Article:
Texas-based King Ranch, the largest member of the Sugar Cane Growers Cooperative of Florida, came up with its own 23,000-acre sector plan two years ago, calling for nearly 23,000 homes, plus hotels, offices, stores and warehouses. That plan was approved this year. The difference between the two is that the U.S. Sugar land was deemed important to the future of Everglades restoration.
The South Florida Water Management District holds an option to acquire 100 percent of U.S. Sugar's land through October 2020. The water district, a state agency, also has an option to acquire only 47,000 acres that expires in October 2015.
At this point, water district spokesman Randy Smith said, the U.S. Sugar bid for a Hendry County development plan does not affect the state's option to buy the same property. As for the higher price tag, Smith said, "the district doesn't speculate on future land costs."
Proposed land buy
The option to buy is a legacy of what once seemed the biggest Everglades land deal ever.
In 2008, a judge ruled that the sugar industry's long-standing practice of dumping polluted water into Lake Okeechobee was illegal and a state agency voted to forbid the practice. U.S. Sugar lobbyists went to see then-Gov. Charlie Crist seeking his help.
Crist proposed the state buy all the company's 187,000 acres and various assets and use it for Everglades restoration projects. But in 2010, amid the economic meltdown, the state bought just 26,800 acres from U.S. Sugar for $197 million, with an option to buy the rest later.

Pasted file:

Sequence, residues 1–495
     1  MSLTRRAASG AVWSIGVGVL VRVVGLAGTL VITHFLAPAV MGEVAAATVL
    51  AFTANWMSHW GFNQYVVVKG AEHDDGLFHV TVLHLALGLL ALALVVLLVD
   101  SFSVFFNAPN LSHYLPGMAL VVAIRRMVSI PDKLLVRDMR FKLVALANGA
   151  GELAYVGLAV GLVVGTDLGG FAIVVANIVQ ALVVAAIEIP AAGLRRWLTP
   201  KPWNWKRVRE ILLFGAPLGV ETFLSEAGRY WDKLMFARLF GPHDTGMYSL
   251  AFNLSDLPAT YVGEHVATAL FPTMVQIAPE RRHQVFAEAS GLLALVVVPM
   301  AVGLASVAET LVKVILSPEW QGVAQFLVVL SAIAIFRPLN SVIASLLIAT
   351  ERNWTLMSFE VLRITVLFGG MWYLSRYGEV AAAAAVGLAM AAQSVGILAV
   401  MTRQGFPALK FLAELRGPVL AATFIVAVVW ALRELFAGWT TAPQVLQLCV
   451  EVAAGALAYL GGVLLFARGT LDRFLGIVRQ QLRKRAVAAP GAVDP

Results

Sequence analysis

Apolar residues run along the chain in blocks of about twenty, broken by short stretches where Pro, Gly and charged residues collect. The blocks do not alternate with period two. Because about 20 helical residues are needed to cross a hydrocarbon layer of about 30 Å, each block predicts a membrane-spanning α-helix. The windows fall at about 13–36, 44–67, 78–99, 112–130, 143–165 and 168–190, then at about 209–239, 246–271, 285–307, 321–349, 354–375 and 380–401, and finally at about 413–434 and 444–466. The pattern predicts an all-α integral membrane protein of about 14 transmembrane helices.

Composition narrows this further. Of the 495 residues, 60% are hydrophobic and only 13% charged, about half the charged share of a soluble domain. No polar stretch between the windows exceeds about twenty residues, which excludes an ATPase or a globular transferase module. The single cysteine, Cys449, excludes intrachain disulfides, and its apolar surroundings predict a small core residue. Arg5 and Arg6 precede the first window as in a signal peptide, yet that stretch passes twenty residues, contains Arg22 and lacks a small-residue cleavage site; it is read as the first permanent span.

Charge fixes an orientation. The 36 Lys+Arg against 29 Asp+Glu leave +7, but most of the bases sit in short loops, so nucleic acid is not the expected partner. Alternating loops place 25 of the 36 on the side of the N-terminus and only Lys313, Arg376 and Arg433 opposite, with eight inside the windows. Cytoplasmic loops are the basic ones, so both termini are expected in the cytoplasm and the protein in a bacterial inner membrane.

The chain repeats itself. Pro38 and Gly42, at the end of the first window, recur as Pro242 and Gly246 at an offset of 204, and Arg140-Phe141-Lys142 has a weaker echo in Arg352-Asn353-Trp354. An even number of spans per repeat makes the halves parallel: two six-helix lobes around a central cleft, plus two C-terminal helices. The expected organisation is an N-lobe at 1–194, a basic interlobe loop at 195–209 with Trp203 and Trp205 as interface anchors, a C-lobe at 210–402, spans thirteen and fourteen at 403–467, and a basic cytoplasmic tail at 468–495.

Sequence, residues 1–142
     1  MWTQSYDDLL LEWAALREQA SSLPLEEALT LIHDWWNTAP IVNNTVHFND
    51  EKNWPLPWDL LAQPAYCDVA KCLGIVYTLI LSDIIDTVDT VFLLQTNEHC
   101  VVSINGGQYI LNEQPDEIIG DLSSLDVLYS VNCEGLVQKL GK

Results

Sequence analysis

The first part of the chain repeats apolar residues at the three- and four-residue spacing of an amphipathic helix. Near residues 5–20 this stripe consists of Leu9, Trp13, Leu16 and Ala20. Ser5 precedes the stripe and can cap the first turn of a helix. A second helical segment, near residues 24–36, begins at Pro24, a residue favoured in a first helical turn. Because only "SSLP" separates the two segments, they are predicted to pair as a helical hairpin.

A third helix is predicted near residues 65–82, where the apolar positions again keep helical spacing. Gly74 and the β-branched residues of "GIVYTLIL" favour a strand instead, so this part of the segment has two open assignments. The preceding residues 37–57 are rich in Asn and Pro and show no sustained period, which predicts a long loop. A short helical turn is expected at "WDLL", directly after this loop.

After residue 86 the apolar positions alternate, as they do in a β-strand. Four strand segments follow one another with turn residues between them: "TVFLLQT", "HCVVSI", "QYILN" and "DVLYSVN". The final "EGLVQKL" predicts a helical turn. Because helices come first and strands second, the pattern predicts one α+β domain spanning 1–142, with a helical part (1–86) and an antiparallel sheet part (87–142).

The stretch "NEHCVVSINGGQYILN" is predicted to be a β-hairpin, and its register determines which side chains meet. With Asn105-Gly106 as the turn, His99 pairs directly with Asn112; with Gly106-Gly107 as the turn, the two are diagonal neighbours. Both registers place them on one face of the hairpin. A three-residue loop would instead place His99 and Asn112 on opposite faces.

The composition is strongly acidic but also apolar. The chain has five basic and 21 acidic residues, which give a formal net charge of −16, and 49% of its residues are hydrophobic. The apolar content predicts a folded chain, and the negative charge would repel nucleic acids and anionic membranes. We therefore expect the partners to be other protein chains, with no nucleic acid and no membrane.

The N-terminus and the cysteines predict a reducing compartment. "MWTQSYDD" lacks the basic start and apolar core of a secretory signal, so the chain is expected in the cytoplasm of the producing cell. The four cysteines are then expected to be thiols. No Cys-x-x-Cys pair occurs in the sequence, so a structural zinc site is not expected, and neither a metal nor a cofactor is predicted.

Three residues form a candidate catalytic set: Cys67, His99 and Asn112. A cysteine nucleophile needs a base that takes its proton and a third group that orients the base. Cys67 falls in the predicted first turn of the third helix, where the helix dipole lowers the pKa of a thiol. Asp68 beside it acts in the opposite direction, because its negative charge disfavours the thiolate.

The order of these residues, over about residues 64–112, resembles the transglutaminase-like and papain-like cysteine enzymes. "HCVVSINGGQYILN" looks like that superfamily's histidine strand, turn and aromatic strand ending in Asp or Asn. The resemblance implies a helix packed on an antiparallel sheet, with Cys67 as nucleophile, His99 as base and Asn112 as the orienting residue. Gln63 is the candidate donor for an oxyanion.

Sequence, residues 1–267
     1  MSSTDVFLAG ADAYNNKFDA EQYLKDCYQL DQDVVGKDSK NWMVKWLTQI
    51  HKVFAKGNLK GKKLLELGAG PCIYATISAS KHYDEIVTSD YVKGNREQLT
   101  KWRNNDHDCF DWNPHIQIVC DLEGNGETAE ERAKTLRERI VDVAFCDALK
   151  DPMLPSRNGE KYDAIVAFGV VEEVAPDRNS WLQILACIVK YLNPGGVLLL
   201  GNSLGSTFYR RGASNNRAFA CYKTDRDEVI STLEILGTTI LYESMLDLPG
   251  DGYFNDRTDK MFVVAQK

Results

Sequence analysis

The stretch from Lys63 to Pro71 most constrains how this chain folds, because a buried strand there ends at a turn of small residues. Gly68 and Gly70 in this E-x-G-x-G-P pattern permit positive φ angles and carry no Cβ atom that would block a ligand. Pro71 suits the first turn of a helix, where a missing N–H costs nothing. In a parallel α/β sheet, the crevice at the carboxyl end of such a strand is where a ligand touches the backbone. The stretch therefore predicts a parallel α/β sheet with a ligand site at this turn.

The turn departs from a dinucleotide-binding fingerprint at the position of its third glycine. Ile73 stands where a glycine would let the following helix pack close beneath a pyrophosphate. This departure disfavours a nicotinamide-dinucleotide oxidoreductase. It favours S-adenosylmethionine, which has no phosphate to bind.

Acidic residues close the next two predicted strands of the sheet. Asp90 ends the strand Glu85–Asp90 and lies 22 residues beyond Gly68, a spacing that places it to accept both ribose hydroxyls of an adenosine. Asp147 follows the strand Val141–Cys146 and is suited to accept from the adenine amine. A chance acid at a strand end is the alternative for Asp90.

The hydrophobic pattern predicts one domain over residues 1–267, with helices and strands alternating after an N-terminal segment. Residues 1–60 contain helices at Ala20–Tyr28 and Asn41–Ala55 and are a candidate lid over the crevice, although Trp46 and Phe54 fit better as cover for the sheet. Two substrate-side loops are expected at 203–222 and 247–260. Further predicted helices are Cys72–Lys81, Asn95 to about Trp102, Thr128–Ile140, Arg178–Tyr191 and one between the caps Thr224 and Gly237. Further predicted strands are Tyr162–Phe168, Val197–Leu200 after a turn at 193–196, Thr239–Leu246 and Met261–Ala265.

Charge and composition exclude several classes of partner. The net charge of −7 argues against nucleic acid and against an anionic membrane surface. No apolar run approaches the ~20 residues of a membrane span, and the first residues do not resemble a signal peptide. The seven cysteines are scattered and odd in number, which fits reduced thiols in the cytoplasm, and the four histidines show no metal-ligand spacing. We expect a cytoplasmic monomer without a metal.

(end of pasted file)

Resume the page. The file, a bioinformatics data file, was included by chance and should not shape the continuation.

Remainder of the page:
Recently the idea of buying that land has cropped up again as a solution to a long-standing problem with Lake Okeechobee.
Whenever the lake's water level reaches a certain high point, the U.S. Army Corps of Engineers releases some of it along canals that carry the polluted water to estuaries on the gulf coast and the Atlantic coast. Those releases cause algae blooms, fish kills and other woes that are bad for the tourism and fishing industries.
Instead of dumping that water to the east and west, coastal residents and environmental activists have called for the state to buy the remaining sugar land and use it to route the water south, as it flowed when the Everglades operated naturally.